... I felt goosepumps running all over my body. I leant back in my seat, breathed and then started to search for every word the man has ever written, which continues until today. The world has never been the same since then.
 
wow, great thread Rory. there are prolly a dozen poems that have hit me like that, but here's one that really meant something to me after going through numerous health issues...

the_way_it_is_1990.jpg
 

Gerard K H Love

Appreciate your friends
Well, everyone one of you picked some good lines and that's why Bukowski is a genius. He has found the core of our spirit. I can relate to most of his writing. I have not been to the hells he has lived through but I get his point. We all have our own hell and suffering. He has some heaven in there in places as well, but not much.
His poem Bluebird is one of my favorites which explains quite a bit. He is a genius.
 
... I can relate to most of his writing. I have not been to the hells he has lived through but I get his point. We all have our own hell and suffering...

very right.
i couldn't chose only one, or only a dozen. maybe a hundred, but i doubt that.

my first thought was the same as Johannes' with this wonderful paragraph about the graveyard and humanity never had it from the biginning.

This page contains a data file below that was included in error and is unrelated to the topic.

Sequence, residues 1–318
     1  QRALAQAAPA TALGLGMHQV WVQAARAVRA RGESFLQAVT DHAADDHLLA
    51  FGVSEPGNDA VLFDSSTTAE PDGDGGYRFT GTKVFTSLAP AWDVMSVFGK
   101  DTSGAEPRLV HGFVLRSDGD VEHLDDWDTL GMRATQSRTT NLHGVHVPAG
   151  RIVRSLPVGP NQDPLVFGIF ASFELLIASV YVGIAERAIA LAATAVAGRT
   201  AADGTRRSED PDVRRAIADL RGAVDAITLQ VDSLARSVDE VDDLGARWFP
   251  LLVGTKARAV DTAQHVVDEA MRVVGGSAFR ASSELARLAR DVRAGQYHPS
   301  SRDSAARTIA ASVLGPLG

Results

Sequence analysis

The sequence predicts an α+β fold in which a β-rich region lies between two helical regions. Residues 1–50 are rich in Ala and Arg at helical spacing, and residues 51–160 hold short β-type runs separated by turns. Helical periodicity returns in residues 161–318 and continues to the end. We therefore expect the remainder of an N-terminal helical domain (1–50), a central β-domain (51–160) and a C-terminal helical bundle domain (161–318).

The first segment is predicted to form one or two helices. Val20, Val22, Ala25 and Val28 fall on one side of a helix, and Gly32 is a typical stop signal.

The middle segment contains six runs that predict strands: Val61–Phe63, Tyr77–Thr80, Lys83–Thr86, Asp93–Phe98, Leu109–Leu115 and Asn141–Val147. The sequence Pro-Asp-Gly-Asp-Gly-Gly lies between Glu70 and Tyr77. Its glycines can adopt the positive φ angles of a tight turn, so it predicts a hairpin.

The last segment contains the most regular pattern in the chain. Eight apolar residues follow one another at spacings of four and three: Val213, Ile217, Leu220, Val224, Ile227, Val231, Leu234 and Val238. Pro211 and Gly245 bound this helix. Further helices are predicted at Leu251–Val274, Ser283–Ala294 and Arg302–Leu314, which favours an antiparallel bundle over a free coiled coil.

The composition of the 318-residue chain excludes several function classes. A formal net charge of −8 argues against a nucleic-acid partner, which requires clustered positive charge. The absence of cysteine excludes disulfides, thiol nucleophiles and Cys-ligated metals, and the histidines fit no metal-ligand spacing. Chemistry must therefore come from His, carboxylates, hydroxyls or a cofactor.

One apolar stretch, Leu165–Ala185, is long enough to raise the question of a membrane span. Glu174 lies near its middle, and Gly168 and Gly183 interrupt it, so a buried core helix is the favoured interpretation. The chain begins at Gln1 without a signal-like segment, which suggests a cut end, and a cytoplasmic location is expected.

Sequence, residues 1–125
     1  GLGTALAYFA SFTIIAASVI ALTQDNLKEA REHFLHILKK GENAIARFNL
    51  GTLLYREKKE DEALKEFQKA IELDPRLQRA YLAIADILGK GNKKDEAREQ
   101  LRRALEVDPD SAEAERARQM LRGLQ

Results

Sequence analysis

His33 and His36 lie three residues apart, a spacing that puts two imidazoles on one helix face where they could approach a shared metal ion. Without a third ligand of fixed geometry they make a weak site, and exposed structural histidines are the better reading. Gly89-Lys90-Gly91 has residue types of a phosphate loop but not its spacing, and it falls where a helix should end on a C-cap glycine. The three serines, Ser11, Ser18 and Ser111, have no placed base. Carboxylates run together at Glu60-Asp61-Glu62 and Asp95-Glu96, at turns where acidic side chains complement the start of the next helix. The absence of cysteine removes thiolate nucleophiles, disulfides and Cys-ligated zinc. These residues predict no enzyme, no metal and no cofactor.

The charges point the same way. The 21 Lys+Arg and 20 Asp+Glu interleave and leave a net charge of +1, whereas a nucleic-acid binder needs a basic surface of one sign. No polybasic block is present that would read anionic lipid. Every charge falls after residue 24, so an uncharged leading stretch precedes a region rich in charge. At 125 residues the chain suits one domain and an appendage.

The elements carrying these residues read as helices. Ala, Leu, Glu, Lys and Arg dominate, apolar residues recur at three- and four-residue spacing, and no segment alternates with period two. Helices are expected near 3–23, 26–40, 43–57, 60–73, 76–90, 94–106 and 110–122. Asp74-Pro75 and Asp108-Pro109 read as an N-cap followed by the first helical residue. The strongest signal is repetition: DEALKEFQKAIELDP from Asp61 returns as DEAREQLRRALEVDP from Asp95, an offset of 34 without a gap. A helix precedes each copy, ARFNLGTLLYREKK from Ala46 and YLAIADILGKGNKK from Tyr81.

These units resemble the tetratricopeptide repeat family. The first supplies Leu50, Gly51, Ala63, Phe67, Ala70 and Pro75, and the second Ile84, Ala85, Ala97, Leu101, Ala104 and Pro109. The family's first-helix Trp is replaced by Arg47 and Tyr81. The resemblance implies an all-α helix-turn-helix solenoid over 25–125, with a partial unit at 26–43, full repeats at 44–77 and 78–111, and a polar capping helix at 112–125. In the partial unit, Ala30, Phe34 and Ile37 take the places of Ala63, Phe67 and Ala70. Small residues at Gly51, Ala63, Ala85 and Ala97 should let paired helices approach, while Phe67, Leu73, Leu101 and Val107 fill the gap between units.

but since he also brought up the idea to talk about the FIRST time a poem of Buk stroke you:


i had a german collection titled 'Eintritt Frei' [(='Free Entry'), it now is part of a bigger book named 'Western Avenue]. This collection gathered several poems from 'It catches', 'Crucifix' and 'Terror Street'.

Flipping through it, the first piece, where I found myself was 'DON'T COME ROUND BUT IF YOU DO'.
(german: 'Lass dich hier nicht blicken!')

I was 17 then, xeroxed it - and pinned it on the outside of the door of my room.
of course, nobody understood.
 

Johannes

Founding member
Flipping through it, the first piece, where I found myself was 'DON'T COME ROUND BUT IF YOU DO'.
(german: 'Lass dich hier nicht blicken!')

I was 17 then, xeroxed it - and pinned it on the outside of the door of my room.
of course, nobody understood.

Don't come round but if you do was also one of my early favorites. Those lines really slammed it home for me.
 
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"The Secret Of My Endurance" does it or me! This was after I had listen to him recite it on cd. That I went looking for it. His way of life there in words.
 
"The Singular Self" from "burning in water drowning in flame" or "Shoelace" from "Mockingbird.." come to mind immediately . when i read them first they really struck a chord with me. It was like they were saying exactly the right thing at exactly the right time . I won't go in to why but they really just put things in perspective. "Palm Leaves" and "Bluebird" as well. really there is to many to name that hold some relevance or importance to me. Well, I guess thats why Bukowski's my favorite poet.Also, "i met genius" never fails to cheer me up
 
The poem Cancer in Septuagenarian Stew. I could relate to it and it made me have to tell my mother how much I loved her right then and there. It made me cry on the spot. That was the first time I have read something that made me cry.